A pair of spiral staircases give this unique wedding chapel an immediate appeal – and a hidden strength.
Onomichi is a port town in Hiroshima Prefecture that is probably best known in Japan for richly flavored ramen and the gritty, yet photogenic charm of the street scenes to be found up its hillsides.
But thanks to an architecturally daring chapel, you might have one more reason to stop by on your way to or from the globally celebrated beauties of Miyajima.
Built in 2013 and designed by Hiroshi Nakamura from NAP Architects, the “Ribbon Chapel” is a part of the Bella Vista Spa and Marina resort in Onomichi. As Nakamura explains, the distinctive structure, which features two “ribbon” staircases that meet at the the top of the 15.4 meter (50.5 foot) structure, is a metaphor for the many wedding ceremonies that have been held there since it was built: “Just as two lives go through twists and turns before uniting as one, the two spirals seamlessly connect at their 15.4m summit to form a single ribbon.”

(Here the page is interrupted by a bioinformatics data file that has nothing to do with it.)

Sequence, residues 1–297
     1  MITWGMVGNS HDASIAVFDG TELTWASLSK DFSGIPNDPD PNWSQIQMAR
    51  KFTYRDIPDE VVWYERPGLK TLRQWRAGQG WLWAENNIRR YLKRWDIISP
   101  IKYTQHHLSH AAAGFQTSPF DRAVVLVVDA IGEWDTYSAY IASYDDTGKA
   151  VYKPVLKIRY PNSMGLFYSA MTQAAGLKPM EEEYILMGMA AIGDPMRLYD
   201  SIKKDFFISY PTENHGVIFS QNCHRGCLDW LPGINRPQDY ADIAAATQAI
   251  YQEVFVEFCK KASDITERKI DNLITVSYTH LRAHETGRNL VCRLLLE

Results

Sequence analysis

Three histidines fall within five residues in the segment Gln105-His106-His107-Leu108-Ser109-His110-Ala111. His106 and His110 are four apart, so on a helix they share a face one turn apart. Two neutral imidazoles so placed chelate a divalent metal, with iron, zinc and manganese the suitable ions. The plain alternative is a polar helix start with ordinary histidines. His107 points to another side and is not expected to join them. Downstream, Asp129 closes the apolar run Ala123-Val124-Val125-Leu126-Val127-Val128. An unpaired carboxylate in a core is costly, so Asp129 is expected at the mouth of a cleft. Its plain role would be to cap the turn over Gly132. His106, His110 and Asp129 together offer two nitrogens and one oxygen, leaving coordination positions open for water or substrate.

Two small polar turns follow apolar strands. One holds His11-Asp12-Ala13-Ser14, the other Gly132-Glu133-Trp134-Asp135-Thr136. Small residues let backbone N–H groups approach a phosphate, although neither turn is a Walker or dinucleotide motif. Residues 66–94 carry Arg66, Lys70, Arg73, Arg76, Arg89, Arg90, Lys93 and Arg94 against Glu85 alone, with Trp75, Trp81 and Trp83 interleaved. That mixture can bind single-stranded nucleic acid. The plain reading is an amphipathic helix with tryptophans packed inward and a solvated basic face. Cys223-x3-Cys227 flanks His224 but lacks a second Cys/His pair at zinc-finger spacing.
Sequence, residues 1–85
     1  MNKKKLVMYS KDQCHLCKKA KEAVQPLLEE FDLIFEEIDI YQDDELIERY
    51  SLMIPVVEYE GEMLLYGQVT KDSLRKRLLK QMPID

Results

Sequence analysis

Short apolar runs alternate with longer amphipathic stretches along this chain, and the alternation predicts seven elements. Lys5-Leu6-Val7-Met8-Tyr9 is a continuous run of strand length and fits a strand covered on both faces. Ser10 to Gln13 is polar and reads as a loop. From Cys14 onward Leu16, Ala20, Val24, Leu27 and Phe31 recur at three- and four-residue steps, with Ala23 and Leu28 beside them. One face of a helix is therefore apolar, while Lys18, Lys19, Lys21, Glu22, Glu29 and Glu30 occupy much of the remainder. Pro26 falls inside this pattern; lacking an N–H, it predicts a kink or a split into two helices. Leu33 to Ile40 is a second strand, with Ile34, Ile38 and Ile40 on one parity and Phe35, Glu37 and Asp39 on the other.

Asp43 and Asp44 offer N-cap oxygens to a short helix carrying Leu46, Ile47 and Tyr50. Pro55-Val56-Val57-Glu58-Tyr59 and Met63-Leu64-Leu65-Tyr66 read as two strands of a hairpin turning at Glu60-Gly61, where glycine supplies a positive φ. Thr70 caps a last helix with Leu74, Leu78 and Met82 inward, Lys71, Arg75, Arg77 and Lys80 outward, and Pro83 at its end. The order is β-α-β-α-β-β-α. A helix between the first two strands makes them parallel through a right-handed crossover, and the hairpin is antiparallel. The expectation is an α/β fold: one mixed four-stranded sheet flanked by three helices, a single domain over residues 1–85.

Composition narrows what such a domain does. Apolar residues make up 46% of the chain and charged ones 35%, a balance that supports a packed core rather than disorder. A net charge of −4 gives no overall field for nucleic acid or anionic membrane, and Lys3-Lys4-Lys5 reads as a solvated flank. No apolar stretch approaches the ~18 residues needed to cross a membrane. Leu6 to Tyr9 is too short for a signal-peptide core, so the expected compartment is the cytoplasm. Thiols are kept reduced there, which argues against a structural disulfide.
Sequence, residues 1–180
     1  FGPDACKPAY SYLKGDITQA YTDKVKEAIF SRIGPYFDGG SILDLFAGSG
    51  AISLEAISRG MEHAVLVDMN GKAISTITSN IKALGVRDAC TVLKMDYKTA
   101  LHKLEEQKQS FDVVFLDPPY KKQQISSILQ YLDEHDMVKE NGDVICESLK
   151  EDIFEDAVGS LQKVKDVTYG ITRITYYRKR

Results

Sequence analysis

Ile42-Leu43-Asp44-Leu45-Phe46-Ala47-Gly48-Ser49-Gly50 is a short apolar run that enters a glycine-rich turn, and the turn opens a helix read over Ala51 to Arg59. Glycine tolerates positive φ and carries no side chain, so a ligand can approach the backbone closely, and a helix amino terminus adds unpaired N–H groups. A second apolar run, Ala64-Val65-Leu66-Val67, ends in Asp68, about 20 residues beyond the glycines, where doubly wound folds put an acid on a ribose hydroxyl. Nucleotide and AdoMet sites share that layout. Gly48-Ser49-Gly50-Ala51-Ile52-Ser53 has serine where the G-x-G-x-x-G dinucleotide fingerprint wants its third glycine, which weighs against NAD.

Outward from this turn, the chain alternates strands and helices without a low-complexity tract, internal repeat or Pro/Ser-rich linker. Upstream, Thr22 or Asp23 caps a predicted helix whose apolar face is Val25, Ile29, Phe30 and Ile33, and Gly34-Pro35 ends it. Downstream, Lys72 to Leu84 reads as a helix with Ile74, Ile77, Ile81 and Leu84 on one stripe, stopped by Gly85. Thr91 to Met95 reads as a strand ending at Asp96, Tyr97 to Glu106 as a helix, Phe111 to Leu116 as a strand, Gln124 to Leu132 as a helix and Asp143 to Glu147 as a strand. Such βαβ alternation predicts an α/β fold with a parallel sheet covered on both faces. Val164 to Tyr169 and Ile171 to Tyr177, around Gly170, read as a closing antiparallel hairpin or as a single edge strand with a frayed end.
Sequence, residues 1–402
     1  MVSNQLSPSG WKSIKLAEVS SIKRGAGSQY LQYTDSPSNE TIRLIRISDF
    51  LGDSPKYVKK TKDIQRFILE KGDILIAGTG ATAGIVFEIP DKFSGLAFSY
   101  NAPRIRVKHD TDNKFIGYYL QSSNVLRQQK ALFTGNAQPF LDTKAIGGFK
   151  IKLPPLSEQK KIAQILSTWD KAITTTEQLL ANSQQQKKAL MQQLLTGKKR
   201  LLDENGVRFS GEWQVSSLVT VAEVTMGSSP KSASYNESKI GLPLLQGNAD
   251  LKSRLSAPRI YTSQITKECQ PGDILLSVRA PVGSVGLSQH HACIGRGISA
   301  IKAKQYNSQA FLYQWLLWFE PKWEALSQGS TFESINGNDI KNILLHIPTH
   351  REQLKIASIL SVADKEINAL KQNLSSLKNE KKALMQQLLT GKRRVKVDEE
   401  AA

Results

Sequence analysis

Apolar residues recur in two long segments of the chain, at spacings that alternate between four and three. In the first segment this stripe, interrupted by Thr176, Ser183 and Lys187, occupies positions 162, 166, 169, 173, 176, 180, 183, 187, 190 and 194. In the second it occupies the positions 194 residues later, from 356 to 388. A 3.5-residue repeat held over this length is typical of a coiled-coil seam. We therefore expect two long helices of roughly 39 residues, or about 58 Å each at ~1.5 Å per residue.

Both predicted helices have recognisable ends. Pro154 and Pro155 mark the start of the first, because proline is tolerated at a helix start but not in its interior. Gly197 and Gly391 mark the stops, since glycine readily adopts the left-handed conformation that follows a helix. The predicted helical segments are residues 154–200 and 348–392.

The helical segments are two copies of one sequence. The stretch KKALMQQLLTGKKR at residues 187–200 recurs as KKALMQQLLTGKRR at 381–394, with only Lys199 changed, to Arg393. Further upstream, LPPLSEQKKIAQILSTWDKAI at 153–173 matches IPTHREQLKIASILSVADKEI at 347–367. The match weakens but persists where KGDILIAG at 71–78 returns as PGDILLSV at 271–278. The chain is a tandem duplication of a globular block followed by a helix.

As the architect adds, the double staircase also helps to increase the stability of the chapel – something that is, perhaps, telling in its own right. The central area provides seating for up to 80 guests at the wedding ceremony, who can see the bride and groom as they proceed up the staircases, meet at the top of the chapel, and then descend as a couple. (We’re also hoping that at least a few weddings have featured the Stevie Wonder tune that came to our mind when we heard about this place…)
It nabbed the top spot on popular architecture blog ArchDaily’s “20 Most Popular Projects of 2015” (a pair of years after the project was finished, actually) and certainly caught our eye today.
The area near the Seto Inland Sea has no shortage of fascinating destinations – from the art-filled island of Naoshima to Tomonoura, a hidden jewel that inspired a Hayao Miyazaki film.
Looks like there’s one more.
Images: Design Milk